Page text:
This is where things get interesting. Ellie is living in Jackson the life that Joel and Abby lived before their own traumatic events. When Joel dies, this matches the deaths of Joel’s daughter and Abby’s father. This is where Ellie is going to turn bad.
And we see that transformation unfold. We see our Ellie slowly go down the same path that Abby and Joel took years before and that we never got to see. She is consumed by rage.
Ellie is now becoming a “bad person” as well. But she’s not all the way there yet.
She’s also consumed by remorse. When she tortures Nora, she comes back to Dina visibly shaking and saying “I made her talk…” She’s devastated about what she’s done. Later she kills Owen and pregnant Mel, and again, that breaks her. And yet, she cannot stop.
Ellie vs Abby: why didn’t Ellie kill her?
The final confrontation is amazing. Abby is now in a different place, she’s now where Joel was after Ellie. It’s hard for us to forgive her, because we have seen her kill Joel, but nevertheless, that’s the place she is in. When Ellie cuts her down from that beach post, her first reaction is to run and cut Lev down. Lev is her Ellie. She doesn’t want to fight Ellie, she only wants to save Lev, just like Joel only cared about saving Ellie at the end.
But Ellie still can’t let go. She needs this! Or so she thinks. And so they fight. The fight fell heavy and, to me, very real. It was amazing and painful to watch and even worse to participate in. I did not want to fight Abby. All I wanted was for those two women to find peace now.
And then Ellie is about to kill her and she remembers Joel. More specifically, she remembers her very last conversation with Joel, about her inability to forgive but willingness to try. She also sees the changed man, who changed for and because of her, the man who went from “bad” to a “good” person. Killing Abby — who’s now on her own redemption path — will only turn Ellie into the bad person that Abby and Joel were.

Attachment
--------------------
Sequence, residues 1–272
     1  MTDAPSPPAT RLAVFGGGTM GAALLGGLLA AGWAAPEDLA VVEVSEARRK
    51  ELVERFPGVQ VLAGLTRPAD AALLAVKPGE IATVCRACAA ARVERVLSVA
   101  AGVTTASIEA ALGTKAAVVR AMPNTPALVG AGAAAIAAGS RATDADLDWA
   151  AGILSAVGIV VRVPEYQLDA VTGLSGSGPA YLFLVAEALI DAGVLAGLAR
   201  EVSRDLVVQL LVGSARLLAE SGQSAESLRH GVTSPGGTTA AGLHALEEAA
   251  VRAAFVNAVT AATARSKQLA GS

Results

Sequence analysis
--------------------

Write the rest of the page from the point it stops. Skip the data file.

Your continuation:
And Ellie stops the cycle. She will not go down the same road. She honours Joel by refusing to become a bad person, something Joel would never have wanted for her. She will honour Joel by going back to the life both of them wanted for her.
Will she get it? Will JJ and Dina be waiting back in Jackson? We may never know, but I sure hope so.
I think the biggest takeaway for me in this painful, yet wonderful journey of a game is how none of the protagonists were good or bad. Everybody is the hero of their own story. Since we played the first game as Joel with Ellie, that is our story and we are entirely on their side. But they were not “good,” not when it comes to the many lives they took over the course of their journey. We saw all those kills as completely justified: they were goons, they were going to shoot us! But then, from their perspective, they were doing the same thing we were. And the thing is, that doesn’t mean everyone is equally justified. It only means that from their own points of view, Ellie and Joel were the villains.
If doesn’t matter if we believe Joel was justified in taking Ellie from the hospital: from the point of view of Abby, her loving dad was murdered. It’s also not about convincing you and me that there are not moral absolutes. It’s that none of this matters to the characters themselves.
Again, I’ve finished this game almost 24 hours ago and I am still thinking about it. This game made me feel so many feelings. It made me mad, sad, and happy. Art that gets you to feel something is, well, good art in my book.
If you hated this game, it’s fine. We can’t all love the same thing. I am not trying to convince anyone, just sharing what I felt. I absolutely loved it with all my heart. This game will stay with me for a long time.